The increasingly popular conspiracy theory QAnon was recently the target of a Twitter crackdown, and several of its adherents are running for office across the country. But what is QAnon, exactly? The Onion breaks down the conspiracy theory with its guide to QAnon.
Q: What is QAnon?
A: A conspiracy theory that posits world leaders are secretly evil rather than openly so.
Q: What do QAnon supporters believe?
A: That by working together, they can discover a renewed sense of purpose and community.
Q: Who is Q?
A: Oh no, did no one tell you? The cabal executed him for treason this morning.
Q: How do members communicate with each other?
A: In the comments beneath a mutual friend’s completely unrelated Facebook post.
Q: Do all QAnon supporters share the same beliefs?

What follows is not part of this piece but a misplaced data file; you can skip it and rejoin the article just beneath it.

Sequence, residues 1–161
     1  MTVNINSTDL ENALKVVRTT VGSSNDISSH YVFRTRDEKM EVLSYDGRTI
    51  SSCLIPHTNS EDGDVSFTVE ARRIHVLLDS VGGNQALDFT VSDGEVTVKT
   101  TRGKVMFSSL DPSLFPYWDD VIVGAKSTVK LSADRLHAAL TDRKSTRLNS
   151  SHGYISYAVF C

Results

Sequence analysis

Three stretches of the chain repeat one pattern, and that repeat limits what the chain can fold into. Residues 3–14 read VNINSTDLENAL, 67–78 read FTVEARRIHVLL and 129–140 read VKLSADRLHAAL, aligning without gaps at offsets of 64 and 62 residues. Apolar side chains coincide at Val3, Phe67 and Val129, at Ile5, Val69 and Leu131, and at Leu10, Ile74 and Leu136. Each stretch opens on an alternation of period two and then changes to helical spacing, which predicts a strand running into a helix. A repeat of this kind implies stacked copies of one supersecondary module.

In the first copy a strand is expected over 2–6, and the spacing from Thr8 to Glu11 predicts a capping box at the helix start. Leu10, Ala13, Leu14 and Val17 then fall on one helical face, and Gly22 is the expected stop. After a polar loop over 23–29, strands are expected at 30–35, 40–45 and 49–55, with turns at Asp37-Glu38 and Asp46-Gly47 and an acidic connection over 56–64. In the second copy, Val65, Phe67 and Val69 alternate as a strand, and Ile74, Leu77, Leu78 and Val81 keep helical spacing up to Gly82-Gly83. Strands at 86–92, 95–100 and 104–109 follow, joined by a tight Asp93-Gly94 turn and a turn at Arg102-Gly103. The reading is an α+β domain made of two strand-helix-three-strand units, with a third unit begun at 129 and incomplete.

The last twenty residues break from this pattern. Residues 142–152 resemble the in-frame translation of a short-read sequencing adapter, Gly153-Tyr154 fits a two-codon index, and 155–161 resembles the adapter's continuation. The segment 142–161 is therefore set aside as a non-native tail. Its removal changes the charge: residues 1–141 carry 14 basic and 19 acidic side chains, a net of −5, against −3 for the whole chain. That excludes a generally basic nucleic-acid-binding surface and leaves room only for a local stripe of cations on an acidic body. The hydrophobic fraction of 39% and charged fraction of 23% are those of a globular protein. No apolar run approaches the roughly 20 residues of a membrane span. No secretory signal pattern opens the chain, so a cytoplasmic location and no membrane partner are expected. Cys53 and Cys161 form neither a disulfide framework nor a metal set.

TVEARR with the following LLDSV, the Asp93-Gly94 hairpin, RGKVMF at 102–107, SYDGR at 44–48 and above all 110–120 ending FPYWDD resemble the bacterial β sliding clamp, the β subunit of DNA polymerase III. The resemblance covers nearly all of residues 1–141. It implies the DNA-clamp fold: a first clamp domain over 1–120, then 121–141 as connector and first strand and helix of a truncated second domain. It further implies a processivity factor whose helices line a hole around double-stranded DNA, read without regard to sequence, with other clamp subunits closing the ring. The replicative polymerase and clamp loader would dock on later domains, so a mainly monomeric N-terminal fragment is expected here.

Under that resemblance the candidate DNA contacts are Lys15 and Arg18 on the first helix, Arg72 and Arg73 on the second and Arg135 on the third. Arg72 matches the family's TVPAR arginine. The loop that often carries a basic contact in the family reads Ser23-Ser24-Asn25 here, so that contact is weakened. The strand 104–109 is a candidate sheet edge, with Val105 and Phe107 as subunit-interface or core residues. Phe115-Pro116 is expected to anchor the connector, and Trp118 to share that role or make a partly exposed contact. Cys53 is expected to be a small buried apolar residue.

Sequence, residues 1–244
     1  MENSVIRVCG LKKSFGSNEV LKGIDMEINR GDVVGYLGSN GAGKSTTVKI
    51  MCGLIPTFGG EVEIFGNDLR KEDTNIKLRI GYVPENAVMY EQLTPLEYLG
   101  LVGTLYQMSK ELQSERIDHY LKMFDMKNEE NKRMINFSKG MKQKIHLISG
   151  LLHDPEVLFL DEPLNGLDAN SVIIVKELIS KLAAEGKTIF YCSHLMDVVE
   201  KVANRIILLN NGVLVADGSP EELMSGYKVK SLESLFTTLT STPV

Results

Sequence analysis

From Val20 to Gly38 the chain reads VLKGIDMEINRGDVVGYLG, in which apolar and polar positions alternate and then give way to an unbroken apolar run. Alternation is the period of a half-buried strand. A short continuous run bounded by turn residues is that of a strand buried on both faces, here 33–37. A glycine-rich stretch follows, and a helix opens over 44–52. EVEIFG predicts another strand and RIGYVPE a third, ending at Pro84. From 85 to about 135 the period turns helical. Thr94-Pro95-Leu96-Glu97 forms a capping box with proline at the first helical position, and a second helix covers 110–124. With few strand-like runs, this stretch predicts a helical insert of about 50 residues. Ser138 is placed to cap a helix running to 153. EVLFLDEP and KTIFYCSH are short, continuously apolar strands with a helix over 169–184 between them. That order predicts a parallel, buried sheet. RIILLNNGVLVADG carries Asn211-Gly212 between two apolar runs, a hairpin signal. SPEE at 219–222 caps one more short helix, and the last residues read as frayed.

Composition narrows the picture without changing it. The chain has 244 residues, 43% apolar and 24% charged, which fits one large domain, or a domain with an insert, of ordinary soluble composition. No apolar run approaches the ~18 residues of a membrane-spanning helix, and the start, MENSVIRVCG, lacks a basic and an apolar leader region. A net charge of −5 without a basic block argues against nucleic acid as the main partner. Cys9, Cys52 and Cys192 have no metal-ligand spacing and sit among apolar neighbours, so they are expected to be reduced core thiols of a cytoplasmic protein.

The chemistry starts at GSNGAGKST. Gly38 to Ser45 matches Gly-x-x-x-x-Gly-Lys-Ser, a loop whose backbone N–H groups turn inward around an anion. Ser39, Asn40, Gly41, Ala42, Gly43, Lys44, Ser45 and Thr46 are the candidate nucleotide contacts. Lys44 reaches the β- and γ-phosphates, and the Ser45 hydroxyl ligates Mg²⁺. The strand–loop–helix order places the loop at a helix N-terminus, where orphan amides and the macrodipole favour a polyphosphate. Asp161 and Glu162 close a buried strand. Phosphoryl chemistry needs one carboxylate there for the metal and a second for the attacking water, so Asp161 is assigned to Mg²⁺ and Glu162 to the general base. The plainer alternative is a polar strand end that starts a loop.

A: No—fundamentalists tend to read the QAnon text literally, while evangelicals believe it’s an allegory for President Trump’s unfair treatment.
Q: How did Twitter crack down on these dangerous conspiracy theories?
A: They were immediately removed after being shared thousands of times.
Q: Is QAnon part of the mainstream Republican Party?
A: No, the fact that they share similar views on race, religion, and politics is totally coincidental.
Q: Shouldn’t the fact that Hillary Clinton hasn’t been arrested yet disprove the whole conspiracy?
A: Only if you believe that an all-knowing figurehead like Q should somehow be able to know things.
Q: Is imagining clandestine government intrigue more palatable than dwelling on the reality that the American people are under complete control of international corporate interests?
Q: You’re answering my questions in the exact way that someone who’s been paid off to discredit QAnon would, aren’t you?
A: That would be some real 5D chess, huh?